Tuesday, May 2, 2017

Review: Too Much Imagination

By Michael Block 

There are just some franchises that are so iconic that reinventing them seems taboo. That was the case for one. Until this millennium, Charlie Bucket, Willy Wonka, the Oompa Loompas, and the bratty kids from Roald Dahl's iconic book were synonymous with the classic 1971 film starring Gene Wilder. In 2005, when the new Tim Burton interpretation rocked childhoods and scarred kids with the darker tone that was closer to the book, it seemed as if any new takes on the franchise should never happen. But fret not, a new musical adaptation was born in 2013 in London, and now Charlie and the Chocolate Factory has found a home on Broadway. Filled with sugary sweetness, this musical confection spins a flavor that can only be described as modern. And it's just one of many choices that are bursting with boldness.
photo by Joan Marcus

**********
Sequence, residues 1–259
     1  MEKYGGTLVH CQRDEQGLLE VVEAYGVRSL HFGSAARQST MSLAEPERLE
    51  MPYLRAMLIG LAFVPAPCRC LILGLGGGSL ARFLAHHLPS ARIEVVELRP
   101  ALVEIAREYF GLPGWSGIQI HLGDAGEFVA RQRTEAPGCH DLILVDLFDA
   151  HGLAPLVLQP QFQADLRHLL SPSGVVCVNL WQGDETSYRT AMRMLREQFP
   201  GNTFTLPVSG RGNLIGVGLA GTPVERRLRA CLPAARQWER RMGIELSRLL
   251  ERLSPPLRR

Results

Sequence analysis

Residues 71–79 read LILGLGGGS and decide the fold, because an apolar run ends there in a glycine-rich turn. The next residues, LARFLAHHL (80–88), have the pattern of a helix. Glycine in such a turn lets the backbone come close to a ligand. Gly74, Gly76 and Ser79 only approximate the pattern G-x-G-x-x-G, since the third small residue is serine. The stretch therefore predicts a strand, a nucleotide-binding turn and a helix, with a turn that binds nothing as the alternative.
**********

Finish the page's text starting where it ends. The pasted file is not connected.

Like a cautionary tale about what happens if you eat too much candy (and are just a terrible kid), Charlie and the Chocolate Factory follows Willy Wonka as he searches for his replacement chocolatier. Through an international Golden Ticket hunt, five lucky kids get to tour the infamous wacky factory, but only one makes it out unscathed. With book by David Greig, music by Marc Shaiman, and lyrics by Scott Wittman and Marc Shaiman, Charlie and the Chocolate Factory is a magical musical where dreams come true, as long as you have a big imagination. There are two ways to look at this production. If you're looking to throw your cares away and just have fun, there's nothing more tantalizing than Charlie and the Chocolate Factory. But if a well-structured, smartly-planned musical is what you seek, this show swings for the fences and strikes out often. Liberties have to be taken. Willy, on his replacement quest, decides to be where the people are and opens up a candy shop in town, where he stumbles on his future apprentice, Charlie Bucket. From there, we watch an hour of exposition before an intermission, and we haven't even seen the thing we desire most: Wonka's Chocolate Factory! And once we get inside, things get dark and twisted. But that's Roald Dahl's story. The audience is completely onboard with the familiarity that the writing team infuses into the theatrical treat. Starting off the show with "Candy Man," leading a little later to “I’ve Got a Golden Ticket,” and then onto “The Oompa Loompa Song,” an overwhelming sense of nostalgia fills the smiling audience. The new music from Wittman and Shaiman is vibrant, modern, and earworm worthy. Just take the new Oompa Looma song. It will get stuck in your head as easily as "It's a Small World." Take that for what you will. The score, while not novel, is entertaining to say the least. The numbers that reveal the Golden Ticket winners are incredibly campy and deliciously hilarious. Greig's book is filled with jokes for all ages. But the characters rely on our awareness of the source material. They needed be fleshed out more, but there simply isn't enough time before we would hit the three hour mark. What’s interesting about this version of the story is the early insertion of Willy into the narrative, which makes this show Willy’s journey, not necessarily Charlie’s. It becomes prominent by the time we enter the Chocolate Factory, as Willy is steering the ship, while Charlie only gets interjections post-drama. There was a superfluous amount of content, especially in the first act. Did Mrs. Bucket truly need a solo, and if she really did, did "dream dad" have to dance his way on stage? The moral of the story is that the libretto was overstuffed, and it may have needed a blow dart like the one that punctured Violet.